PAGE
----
Philpot said she asked her son, who was home from college, about the adobe, and he knew nothing about the place either. Annalee Pearson, a teacher at South Pasadena High School and adviser to the Latinx Student Union, said it was news to her, too.

Photos courtesy South Pasadena Preservation Foundation
A plaque from the Daughters of the American Revolution showcases the significance of the El Adobe Flores home in South Pasadena.

“Not only do the students not know that — I did not know that part of local history,” she said.
Wouldn’t it be great if there was an elevated sign on Garfield, where it turns onto Foothill, explaining what happened at that white adobe building on the hill 175 years ago? Or if there was some city monument in the park? Or maybe if it was part of some city guide?
That’s one reason Gutierrez was so passionate about having me think about my doing a story.
The adobe is also part of his family’s journey. Remember the treaty of Jan. 13, 1847, which provided for those Californios who gave up their arms to have the same rights as other American citizens? Gutierrez’s family goes back into the 18th century, and his family has had to deal with prejudice for being Latino.
“A single-story adobe home framed by red roof files and a cactus garden, El Adobe Flores seemed just an out-of-place curiosity near the modern apartment houses to which I delivered newspapers in the 1950s,” Gutierrez wrote in an essay titled “The Manifestations of Destiny.” (The essay was included in a book edited by David Halberstam, called “Defining a Nation.”)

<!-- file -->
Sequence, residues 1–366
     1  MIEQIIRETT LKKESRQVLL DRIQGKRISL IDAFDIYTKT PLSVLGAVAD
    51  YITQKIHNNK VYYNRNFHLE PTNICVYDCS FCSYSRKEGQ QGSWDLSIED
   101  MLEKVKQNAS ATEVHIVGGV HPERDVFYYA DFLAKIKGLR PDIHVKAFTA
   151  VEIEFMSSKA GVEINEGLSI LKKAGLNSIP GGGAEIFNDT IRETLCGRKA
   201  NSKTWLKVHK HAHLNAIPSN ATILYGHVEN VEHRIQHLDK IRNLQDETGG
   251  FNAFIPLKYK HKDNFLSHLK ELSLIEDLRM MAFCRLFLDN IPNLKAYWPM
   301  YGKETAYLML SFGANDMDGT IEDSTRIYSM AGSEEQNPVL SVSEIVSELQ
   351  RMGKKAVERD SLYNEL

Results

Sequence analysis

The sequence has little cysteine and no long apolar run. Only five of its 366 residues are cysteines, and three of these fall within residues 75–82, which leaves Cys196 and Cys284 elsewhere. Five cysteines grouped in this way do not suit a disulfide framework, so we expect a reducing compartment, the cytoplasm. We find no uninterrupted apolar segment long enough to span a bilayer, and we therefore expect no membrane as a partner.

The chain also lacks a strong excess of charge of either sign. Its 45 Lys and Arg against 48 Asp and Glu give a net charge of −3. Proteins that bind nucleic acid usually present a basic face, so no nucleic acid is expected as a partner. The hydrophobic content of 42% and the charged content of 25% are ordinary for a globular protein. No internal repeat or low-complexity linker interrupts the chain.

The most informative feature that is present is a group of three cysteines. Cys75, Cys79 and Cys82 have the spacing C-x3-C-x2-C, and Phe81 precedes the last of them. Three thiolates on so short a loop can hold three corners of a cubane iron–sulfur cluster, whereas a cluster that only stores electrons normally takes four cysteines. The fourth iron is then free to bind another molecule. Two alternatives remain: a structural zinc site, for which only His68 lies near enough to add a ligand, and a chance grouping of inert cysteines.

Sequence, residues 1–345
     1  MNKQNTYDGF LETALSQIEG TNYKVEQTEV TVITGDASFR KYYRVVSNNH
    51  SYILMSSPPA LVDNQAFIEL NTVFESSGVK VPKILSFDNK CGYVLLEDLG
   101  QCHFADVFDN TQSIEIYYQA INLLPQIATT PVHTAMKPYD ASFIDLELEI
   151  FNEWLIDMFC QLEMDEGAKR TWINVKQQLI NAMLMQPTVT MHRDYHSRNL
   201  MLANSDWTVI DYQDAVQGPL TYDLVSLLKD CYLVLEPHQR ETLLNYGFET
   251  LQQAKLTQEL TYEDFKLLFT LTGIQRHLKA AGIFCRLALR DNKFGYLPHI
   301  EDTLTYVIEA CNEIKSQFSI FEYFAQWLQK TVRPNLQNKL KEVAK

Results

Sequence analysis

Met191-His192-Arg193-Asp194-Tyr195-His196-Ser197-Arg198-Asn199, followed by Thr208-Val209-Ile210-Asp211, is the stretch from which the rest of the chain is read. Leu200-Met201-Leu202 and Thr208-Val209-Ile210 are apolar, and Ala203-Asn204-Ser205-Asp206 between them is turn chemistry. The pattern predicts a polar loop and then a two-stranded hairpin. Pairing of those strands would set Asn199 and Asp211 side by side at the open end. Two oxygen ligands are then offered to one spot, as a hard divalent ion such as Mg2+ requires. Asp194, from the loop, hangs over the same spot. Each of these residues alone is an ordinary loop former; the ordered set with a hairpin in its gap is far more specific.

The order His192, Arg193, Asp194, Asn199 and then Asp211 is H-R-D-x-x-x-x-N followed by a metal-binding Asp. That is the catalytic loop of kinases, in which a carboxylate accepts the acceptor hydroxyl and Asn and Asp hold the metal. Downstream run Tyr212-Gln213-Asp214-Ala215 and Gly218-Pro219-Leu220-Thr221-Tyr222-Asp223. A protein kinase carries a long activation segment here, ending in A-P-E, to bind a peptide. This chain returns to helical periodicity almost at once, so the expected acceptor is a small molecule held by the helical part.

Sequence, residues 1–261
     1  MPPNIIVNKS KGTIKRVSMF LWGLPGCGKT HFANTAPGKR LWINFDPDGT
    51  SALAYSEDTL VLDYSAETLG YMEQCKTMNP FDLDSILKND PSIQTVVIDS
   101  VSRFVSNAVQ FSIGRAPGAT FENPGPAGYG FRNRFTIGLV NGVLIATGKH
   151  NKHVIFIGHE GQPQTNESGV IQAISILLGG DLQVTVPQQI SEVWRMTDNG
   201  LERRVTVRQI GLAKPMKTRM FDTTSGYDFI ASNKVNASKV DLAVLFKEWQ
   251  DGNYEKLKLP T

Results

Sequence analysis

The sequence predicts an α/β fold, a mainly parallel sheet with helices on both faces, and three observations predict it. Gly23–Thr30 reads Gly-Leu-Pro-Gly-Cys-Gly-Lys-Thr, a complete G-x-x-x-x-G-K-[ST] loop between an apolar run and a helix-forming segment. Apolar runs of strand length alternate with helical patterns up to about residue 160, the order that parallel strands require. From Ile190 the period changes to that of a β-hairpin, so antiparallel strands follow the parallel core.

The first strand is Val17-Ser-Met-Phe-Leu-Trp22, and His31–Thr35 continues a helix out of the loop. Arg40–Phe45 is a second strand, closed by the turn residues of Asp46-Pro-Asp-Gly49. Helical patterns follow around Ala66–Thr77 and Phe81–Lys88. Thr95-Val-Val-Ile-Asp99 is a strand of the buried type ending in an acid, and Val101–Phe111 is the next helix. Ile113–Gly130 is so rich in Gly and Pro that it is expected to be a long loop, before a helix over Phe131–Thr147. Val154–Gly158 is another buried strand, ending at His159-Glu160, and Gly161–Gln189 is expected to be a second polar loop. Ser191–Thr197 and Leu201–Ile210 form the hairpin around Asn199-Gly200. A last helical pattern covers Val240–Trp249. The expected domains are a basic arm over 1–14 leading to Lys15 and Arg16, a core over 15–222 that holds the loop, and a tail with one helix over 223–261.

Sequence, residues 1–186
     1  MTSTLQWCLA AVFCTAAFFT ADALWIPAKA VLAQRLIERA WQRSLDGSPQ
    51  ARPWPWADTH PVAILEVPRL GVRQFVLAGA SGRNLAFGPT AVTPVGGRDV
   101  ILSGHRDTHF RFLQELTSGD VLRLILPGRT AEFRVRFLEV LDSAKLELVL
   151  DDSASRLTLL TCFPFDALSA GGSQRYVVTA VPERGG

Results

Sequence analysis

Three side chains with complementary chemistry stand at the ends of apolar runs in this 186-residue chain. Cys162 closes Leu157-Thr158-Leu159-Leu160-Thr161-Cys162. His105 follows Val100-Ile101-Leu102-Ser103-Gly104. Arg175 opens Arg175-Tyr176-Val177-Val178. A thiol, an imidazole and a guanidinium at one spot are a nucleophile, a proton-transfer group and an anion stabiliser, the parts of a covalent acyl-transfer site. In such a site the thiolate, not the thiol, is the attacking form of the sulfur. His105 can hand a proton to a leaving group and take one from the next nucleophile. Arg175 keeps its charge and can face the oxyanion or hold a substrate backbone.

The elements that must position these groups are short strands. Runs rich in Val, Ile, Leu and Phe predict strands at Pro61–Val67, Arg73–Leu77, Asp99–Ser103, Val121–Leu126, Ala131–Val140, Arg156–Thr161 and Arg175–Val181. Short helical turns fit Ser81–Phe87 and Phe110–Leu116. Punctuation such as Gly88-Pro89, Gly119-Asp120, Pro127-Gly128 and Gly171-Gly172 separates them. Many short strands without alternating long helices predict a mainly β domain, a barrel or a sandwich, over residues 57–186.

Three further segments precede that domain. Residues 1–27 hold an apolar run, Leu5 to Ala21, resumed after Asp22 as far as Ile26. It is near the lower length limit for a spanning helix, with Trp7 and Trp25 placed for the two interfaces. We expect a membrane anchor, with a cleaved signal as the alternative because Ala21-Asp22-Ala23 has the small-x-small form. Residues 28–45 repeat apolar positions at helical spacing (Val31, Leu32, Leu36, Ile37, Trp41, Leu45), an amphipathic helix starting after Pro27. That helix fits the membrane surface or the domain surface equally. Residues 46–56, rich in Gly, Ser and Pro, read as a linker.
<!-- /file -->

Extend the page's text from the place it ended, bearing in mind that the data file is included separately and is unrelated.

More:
Today, it is a private residence and the oldest home in the city, according to Jane Apostol, in her history of the city.
Gutierrez spent his teenage years in South Pasadena, where his mother purchased a home in order to get him a better education. He went on to earn a master’s degree in journalism from Northwestern University, became an assistant dean at Stanford, earned his doctorate and was a dean at USC. He was most recently an executive at both the Freedom Forum, an organization dedicated to freedom of the press, and also at the Newseum, which was dedicated to showcasing artifacts and items of interest in the area of news coverage.
Both of Gutierrez’s parents were teachers.
“My father would tell me: ‘Be proud and show what a Mexican can do,” he said.
Gutierrez recalls the South Pasadena of his youth as very friendly and very white, while he now finds it more racially diverse and less isolated. He said that he recalled that South Pasadena used to have everything a person might need within the boundary of the city. He was among a handful of minority students in his SPHS graduation class, in 1961.
“They would make fun of you — some of it was physical, and some was said by someone in jest — but it hurt. You had to overcome it,” he said. “There was no positive reinforcement and being Latinx was never presented as a plus.”
No one makes fun of Gutierrez now. He and his family are a success story. He and his two sisters have gone on to earn 10 undergraduate and graduate degrees from six universities: Cal State Los Angeles, Stanford, Northwestern, UC Berkeley, the University of Chicago and the University of Michigan.
And now Gutierrez is moving back into the home his mother bought in 1955, with a desire to use the Adobe Flores to promote discussion of Latino history and culture in our community.
“This is important to know and recognize because of what happened, and perhaps more importantly,” he said, “it factually counters the common belief that Los Angeles was a sleepy pueblo that was taken by the U.S. forces from Mexicans characterized by sexy senoritas, handsome Vaqueros and lazy peons taking siestas instead of working to improve themselves and their land.”